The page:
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Redshank

Willow Wren Wooden Top

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We've got Redshank 1976 from Willow Wren Hire Cruisers Rugby. She's a wooden top. we're looking to repaint her in the original livery. has anyone done the same, or has any of her sisters? I've seen Oak on here but the trail has gone cold!

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Some of the original 70 footers are still around,  their names escape me but they are still in the fleet I think, so willow wren might be able be help or even their website booking pages?

 

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Blimey! They must have been built to last if some may still be operating. We'll email WW and see if they have any info. Thanks for posting :)

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53 minutes ago, Redshank said:

We've got Redshank 1976 from Willow Wren Hire Cruisers Rugby. She's a wooden top. we're looking to repaint her in the original livery. has anyone done the same, or has any of her sisters? I've seen Oak on here but the trail has gone cold!

Off the top of my head its Light Brunswick Green(although I recollect Baldock looked a slightly darker green than the present Willow Wren colours), RAL154 Cream and , Ayers Red. Happy to be corrected.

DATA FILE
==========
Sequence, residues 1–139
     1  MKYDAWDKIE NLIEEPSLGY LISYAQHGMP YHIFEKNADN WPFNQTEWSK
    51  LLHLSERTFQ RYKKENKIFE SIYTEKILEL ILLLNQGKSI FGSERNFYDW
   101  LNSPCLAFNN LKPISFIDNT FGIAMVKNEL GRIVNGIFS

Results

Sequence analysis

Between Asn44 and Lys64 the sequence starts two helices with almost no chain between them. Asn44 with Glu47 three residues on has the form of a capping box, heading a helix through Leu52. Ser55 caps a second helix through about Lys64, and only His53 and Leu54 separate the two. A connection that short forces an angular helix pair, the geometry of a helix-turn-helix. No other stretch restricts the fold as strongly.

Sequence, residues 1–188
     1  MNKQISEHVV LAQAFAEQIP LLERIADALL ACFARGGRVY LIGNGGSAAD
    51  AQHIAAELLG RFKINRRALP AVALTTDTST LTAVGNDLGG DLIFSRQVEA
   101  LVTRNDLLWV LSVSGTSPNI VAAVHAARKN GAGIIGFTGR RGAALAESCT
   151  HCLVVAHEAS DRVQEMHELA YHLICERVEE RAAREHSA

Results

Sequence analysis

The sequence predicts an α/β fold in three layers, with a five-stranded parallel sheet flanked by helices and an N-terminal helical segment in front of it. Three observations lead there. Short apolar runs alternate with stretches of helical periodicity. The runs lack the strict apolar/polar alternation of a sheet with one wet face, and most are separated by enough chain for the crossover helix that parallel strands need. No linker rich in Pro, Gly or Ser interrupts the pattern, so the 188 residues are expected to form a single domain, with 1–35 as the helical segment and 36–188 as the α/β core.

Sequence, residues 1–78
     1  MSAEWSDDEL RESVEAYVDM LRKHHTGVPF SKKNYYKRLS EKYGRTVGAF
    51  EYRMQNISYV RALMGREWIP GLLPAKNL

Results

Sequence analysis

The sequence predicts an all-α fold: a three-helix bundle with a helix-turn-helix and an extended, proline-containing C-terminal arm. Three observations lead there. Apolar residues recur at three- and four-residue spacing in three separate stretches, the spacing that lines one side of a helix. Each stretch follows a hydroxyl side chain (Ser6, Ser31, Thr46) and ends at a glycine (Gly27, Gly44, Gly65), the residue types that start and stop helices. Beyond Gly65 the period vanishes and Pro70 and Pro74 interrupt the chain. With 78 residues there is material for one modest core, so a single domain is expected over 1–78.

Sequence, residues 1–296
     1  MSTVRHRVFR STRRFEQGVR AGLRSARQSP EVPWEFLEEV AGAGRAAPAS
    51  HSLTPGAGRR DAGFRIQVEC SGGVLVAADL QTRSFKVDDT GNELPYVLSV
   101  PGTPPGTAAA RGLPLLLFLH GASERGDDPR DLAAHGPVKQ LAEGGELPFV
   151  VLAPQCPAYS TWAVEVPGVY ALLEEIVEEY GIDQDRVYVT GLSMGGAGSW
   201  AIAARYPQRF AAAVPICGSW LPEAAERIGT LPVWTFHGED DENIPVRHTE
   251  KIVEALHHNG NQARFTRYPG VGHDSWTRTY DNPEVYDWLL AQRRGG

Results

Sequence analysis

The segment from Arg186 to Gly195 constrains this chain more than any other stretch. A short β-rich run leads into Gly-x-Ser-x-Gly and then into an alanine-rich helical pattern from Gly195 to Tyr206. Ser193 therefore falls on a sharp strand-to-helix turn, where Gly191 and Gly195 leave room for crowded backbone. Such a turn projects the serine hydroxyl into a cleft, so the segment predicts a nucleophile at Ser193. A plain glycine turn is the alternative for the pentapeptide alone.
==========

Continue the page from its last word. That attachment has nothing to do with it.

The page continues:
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I don't think there was any particular standard for the Willow Wren and Willow Wren Canal Transport Services fleets of carrying boats.  Certainly I have seen very different versions of the colours, assuming you can believe old slides and negatives.

It was suggested somewhere that at one stage they were just Dulux gloss colours, because it was cheap and available.

I don't know to what extent hire fleet boats used the same colours or migrated to something different, although the current Willow wren hire boats are certainly different for what there has been in the past.

 

We have only done selected spot repainting on parts of Flamingo, but what is on it currently is so old and faded it undoubtedly bears little resemblance to what was first applied.  It is impossible to match it, because anything applied now is glossy, and the old stuff on there most certainly isn't(!)

1 hour ago, Halsey said:

Some of the original 70 footers are still around,  their names escape me but they are still in the fleet I think, so willow wren might be able be help or even their website booking pages?

 

 

52 minutes ago, Redshank said:

Blimey! They must have been built to last if some may still be operating. We'll email WW and see if they have any info. Thanks for posting :)


I'm doubtful that they are now operating anything very old.  Certainly i don't think they have operated any "wooden tops" in a large number of years.